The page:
I will put photos on the Colorado Birding Society's website in a few hours.
"recent favorite photos" link

No Short-eared Owls appeared at sunset along the DIA Owl Loop (Adams/Denver).

I missed the football games, enjoyed a great winter day of birding!

Saturday, January 12, 2019

Birding Around Denver County

January 12, 2019

Richard Stevens:

After yesterday's snowstorm, today was a fantastic day.  High temperatures reached 34 degrees.  Winds were 5-6 mph.  The 4-6 inches of snow melted rapidly.

On the way home from downtown Denver, I stopped at Bluff Lake Nature Area (Denver County).  The Harris's Sparrow that has been hanging around since late October is usually with a small flock of White-crowned Sparrows.

It took about ten minutes to find the flock of eight White-crowned Sparrows under a Rabbit Brush.  The Harris's Sparrow was among them!

I also passed the First Creek Trail (Denver) and stopped.  A flock of 100-150 Red-winged Blackbirds without Rusty Blackbirds popped out of the cattails northwest of the horse corral.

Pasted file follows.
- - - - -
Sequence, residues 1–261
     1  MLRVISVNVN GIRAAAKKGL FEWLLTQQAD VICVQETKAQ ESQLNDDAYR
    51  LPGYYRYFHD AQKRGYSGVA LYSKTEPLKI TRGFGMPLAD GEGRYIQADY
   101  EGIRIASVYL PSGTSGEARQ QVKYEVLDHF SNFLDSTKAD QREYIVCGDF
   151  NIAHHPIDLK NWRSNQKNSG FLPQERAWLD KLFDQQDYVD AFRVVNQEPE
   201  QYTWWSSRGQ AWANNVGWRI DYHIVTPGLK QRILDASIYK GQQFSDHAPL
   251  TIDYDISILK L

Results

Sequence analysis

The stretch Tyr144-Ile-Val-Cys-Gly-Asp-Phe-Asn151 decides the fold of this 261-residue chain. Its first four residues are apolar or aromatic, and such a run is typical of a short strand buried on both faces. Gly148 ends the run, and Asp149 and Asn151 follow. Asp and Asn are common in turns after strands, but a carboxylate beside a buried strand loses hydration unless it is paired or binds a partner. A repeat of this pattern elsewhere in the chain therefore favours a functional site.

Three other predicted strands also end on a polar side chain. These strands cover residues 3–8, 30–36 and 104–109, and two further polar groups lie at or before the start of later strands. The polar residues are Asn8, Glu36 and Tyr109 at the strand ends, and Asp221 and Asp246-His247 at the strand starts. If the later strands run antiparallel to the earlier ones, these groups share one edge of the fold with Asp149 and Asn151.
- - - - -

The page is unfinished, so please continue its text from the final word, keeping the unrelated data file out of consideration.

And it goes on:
I continued to walk east along First Creek.  Judith Henderson and Melissa James were also walking the Creek.  Judith was the first to spot Rusty Blackbirds.  Eventually we relocated four Rusty Blackbirds walking up and down First Creek, just northeast of the horse corral.

No Short-eared Owls appeared when I parked at sunset along West Cargo Road, south of Third Creek.

Friday, January 11, 2019

Southern Arapahoe County to DIA Airport

January 11, 2019

Richard Stevens:

Yesterday's weather prediction was correct.  We woke up to snow covered ground and it continued to snow most of the day.

High temperature was 42 degrees at the airport.  Winds were 12-13 mph with gusts to 17 mph.

Two things I did not want to do today.  First, I did not want to count Red-winged Blackbirds along the First Creek Trail (Denver County).  Searching through 400+ Red-winged Blackbirds during two previous trips and missing the Rusty Blackbirds were enough.  Second, I did not want to drive on the snowy roads and in the traffic.

What to do, I parked at the 64th Avenue Light Rail parking area off Tower Road and took the Light Rail down to South Platte Park off Mineral Avenue (Arapahoe).